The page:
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Battle of the Forms
April 17, 2014


Conflicting Terms and Conditions – Who wins?

We are all well versed in the fact that, whenever we purchase anything particularly on-line, we are asked to agree to the company’s terms and conditions which will form part of the contract. What happens however when two businesses enter into a contract and each attempts to incorporate its own terms and conditions and there is a conflict between them? Who wins?

 

Examples of this are  until a customer pays, who retains ownership of the goods?  As the seller your terms may say you do but what if the buyer's say that ownership transfers on delivery? Then what happens if your customer goes out of business? Commonly during the recession,  if you were selling to retailers to on payment terms of 30 days,  the retailer's terms required 2% discount if they paid promptly i.e in less than 30 days – do you have to allow them to take a discount?

 

If the conflicting terms come to light before any dispute has arisen, rather than ‘burying its head in the sand’ a business should ask the other party to agree to a variation before entering into the contract. If a dispute arises later, the agreed variation will stand.

 

Normally, however, the conflicting terms only come to light after a dispute has arisen. In these circumstances, although there is still the option of asking the other party to agree to a variation, it is less likely that they will agree in view of the dispute so the courts will inevitably be asked to intervene.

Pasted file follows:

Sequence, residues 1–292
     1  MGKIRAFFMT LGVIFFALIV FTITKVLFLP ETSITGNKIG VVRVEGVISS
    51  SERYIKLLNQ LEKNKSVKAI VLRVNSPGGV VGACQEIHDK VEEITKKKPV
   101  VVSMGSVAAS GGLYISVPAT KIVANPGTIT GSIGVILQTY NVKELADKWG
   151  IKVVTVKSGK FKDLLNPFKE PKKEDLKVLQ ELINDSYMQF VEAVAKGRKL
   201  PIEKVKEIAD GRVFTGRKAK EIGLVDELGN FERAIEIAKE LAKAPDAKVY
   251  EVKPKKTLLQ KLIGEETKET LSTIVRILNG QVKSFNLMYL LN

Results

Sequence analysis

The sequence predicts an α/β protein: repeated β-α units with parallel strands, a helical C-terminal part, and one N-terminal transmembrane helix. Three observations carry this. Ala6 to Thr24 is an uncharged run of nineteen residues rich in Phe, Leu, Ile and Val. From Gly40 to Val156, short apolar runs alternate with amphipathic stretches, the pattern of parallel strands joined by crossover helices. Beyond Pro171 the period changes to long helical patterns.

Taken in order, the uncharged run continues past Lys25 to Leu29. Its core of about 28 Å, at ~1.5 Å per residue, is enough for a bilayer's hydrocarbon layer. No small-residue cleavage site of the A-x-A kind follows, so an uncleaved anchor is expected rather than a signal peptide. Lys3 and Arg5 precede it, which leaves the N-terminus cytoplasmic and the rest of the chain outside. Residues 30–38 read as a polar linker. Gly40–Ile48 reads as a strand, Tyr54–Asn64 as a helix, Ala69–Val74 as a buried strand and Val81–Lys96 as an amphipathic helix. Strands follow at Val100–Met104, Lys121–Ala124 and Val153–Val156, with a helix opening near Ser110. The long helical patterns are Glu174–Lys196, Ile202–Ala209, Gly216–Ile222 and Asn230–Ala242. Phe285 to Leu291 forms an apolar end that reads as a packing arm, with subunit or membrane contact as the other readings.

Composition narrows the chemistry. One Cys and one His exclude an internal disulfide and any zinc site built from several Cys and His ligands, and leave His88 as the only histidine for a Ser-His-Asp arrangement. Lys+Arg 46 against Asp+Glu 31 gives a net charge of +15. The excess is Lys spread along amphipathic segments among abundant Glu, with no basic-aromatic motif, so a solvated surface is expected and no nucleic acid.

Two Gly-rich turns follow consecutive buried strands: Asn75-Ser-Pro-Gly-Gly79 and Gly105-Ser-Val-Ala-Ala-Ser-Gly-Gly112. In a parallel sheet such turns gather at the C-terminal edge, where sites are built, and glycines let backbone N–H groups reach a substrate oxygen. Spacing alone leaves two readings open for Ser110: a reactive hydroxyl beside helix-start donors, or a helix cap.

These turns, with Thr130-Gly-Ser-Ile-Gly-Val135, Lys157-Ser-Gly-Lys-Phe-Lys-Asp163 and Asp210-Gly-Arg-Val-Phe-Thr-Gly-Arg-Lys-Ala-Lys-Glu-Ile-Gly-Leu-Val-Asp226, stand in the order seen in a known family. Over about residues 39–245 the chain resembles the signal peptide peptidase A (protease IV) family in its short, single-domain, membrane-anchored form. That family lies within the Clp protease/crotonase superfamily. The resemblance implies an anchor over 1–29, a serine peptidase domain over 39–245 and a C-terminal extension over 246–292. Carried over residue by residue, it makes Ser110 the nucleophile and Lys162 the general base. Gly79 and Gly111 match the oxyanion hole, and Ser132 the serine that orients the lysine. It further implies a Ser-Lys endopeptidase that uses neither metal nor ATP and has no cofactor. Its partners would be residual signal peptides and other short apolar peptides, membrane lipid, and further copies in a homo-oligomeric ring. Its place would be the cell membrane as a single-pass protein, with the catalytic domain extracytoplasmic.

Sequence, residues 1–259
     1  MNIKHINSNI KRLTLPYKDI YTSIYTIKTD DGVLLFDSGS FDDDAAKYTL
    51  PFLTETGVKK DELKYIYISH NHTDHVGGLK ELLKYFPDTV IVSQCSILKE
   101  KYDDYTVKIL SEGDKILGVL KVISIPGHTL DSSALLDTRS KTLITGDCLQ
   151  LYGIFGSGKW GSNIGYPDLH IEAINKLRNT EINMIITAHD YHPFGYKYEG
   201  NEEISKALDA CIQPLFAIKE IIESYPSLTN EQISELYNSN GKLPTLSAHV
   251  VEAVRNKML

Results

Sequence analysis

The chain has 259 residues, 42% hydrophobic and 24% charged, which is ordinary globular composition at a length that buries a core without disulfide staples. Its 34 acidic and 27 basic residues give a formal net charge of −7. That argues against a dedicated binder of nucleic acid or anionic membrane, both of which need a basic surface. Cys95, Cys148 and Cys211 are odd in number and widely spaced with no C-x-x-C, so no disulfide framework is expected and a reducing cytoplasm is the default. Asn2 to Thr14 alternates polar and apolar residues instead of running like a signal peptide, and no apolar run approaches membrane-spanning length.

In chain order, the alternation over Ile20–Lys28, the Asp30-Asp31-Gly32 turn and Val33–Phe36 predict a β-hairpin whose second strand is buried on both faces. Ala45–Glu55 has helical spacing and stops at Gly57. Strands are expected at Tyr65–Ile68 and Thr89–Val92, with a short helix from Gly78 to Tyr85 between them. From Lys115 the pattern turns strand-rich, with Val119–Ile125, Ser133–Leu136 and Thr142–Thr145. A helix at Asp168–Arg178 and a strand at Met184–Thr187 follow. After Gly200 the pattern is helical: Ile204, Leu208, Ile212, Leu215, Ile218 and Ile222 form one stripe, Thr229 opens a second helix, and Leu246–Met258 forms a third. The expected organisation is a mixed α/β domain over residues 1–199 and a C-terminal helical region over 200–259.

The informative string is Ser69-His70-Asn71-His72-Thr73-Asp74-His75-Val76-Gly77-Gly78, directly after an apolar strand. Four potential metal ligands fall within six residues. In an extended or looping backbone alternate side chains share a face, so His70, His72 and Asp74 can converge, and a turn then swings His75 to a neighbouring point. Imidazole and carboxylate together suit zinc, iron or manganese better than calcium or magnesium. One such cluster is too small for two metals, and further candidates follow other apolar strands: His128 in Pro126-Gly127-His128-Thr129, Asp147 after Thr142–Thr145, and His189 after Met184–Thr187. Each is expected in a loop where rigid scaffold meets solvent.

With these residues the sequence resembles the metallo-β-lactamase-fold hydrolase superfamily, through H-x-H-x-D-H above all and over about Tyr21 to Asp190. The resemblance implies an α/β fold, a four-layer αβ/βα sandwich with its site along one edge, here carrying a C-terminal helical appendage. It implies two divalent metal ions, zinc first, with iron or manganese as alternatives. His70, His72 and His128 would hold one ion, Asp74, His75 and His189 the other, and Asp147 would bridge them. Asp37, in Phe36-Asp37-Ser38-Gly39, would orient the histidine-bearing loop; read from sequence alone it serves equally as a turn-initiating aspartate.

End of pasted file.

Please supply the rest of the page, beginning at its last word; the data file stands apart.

The first step taken by the courts is to look to see whether there has been a mistake. Is it clear and unambiguous from the conduct of the parties what the correct terms ought to have been and what the parties actually intended? This is a heavy burden to discharge and there must be clear, non-conflicting evidence in support to prove that your terms should be preferred.

 

Another solution may be that the terms of the contract have subsequently been varied by the conduct of the parties. For example, if the conduct of both sides is consistent with one of the terms.

 

If the court cannot determine the terms of the contract, it may decide that either the particular term, or even the contract as a whole, is void. This is obviously an unhelpful result as in most cases it is clear that the parties intended to enter into a binding contract.

 

Businesses should always take care when entering into contracts to ensure that there is no conflict in the terms and both parties understand whose terms they are working to.

 

Please contact Jennifer White, commercial solicitor, at our offices in Bromley on 020 8313 1300 or jennifer.white@marsons.co.uk for further advice.

The information contained in this article is intended for general guidance only. It provides useful information but it is not a substitute for obtaining legal advice as the articles do not take into account specific circumstances. So do please Contact US for legal advice on the issues raised.